In Andrew Nette’s Ghost Money, Madeleine Avery hires Australian ex-cop Max Quinlan to find her brother Charles, who seems to have disappeared from his last known address in Bangkok. Quinlan takes the case and begins his search in Bangkok. When he gets to Avery’s apartment, he finds the body of Avery’s business partner Robert Lee. He also finds indications that Avery has gone to Cambodia, so that’s where Quinlan heads next. When he gets there, he meets journalist’s assistant Heng Sarin, who proves invaluable as a team-mate. The two of them follow Avery’s trail from Phnom Penh to the northern part of Cambodia. Avery had supposedly known of a cache of gold hidden in that part of the country, and it doesn’t take much intuition to guess why he would have headed there. It also doesn’t take much brilliance to figure out that some very nasty people who also wanted that gold went after him. The pieces of the puzzle fall together in northern Cambodia, where Quinlan and Sarin find themselves in a very rural village. Not many people take much notice of the villagers. They’re considered inconsequential in the light of the larger forces that have power in the country. But Quinlan and Sarin get to know them a bit. They especially get to know the village leader. He’s an elderly man whom the authorities and Avery’s ‘business associates’ have brushed off. But he’s much sharper than it seems, and he gives Quinlan and Sarin very helpful information and assistance.
There are also some series ‘regulars’ who are quite a lot more intelligent and resourceful than it may seem on the surface. For instance, Sarah Caudwell’s Hilary Tamar novels features law professor Tamar, who gets involved in solving murder cases with former student Timothy Shepherd and some of his fellow attorneys. One of those attorneys is Julia Larwood. On the one hand, she’s impulsive, quite scatty and not at all well-ordered in her personal life. That’s partly how she ends up accused of murder in Thus Was Adonis Murdered. And it’s how she gets arrested in The Sirens Sang of Murder. But at the same time, she’s an expert on the Finance Act. She’s also no mental slouch and somehow manages to get out of difficult situations in creative ways.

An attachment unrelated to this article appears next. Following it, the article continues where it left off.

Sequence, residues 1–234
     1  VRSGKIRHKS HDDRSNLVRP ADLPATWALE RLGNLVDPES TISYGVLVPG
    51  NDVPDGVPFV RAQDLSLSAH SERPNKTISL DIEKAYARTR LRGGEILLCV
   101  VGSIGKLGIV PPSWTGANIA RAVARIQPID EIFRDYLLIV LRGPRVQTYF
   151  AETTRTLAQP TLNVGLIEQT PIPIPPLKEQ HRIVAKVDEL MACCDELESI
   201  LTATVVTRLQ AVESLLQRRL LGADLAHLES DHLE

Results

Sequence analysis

And then there’s Elly Griffiths’ Michael Malone, better known as Cathbad. Griffiths’ novels feature forensic archaeologist Ruth Galloway, who first met Cathbad on a dig. Since then he’s become a regular part of her life and a friend. On one level, Cathbad is a Druid and is almost ethereal in his approach to life. Some people might even think he’s delusional. Certainly he’s an unusual and original thinker and that can lead people to underestimate him. But Galloway has learned not to do that. Cathbad has a great deal of wisdom. He also knows the area very well and has a shrewd ability to judge character. Underneath that gentle-if-oddball exterior, Cathbad is very intelligent and resourceful. He’s also a very interesting character.
And that’s the thing about characters who seem to be scatty and even delusional. Like the candy in the ‘photo, they seem soft and chewy on the outside, but they have real substance on the inside. When they’re well-drawn, they’re interesting and they can add some real leaven to the ‘cast’ of a story. I’ve only had space here to mention a few. Which ones do you like best?
Thanks, Moira, for the inspiration. Now folks, if you haven’t already, do yourself a favour and go visit Clothes in Books. It’s a superb resource for all kinds of interesting insights into fashion and popular culture in literature.
*NOTE: The title of this post is a line from Bob Marley’s Waiting in Vain.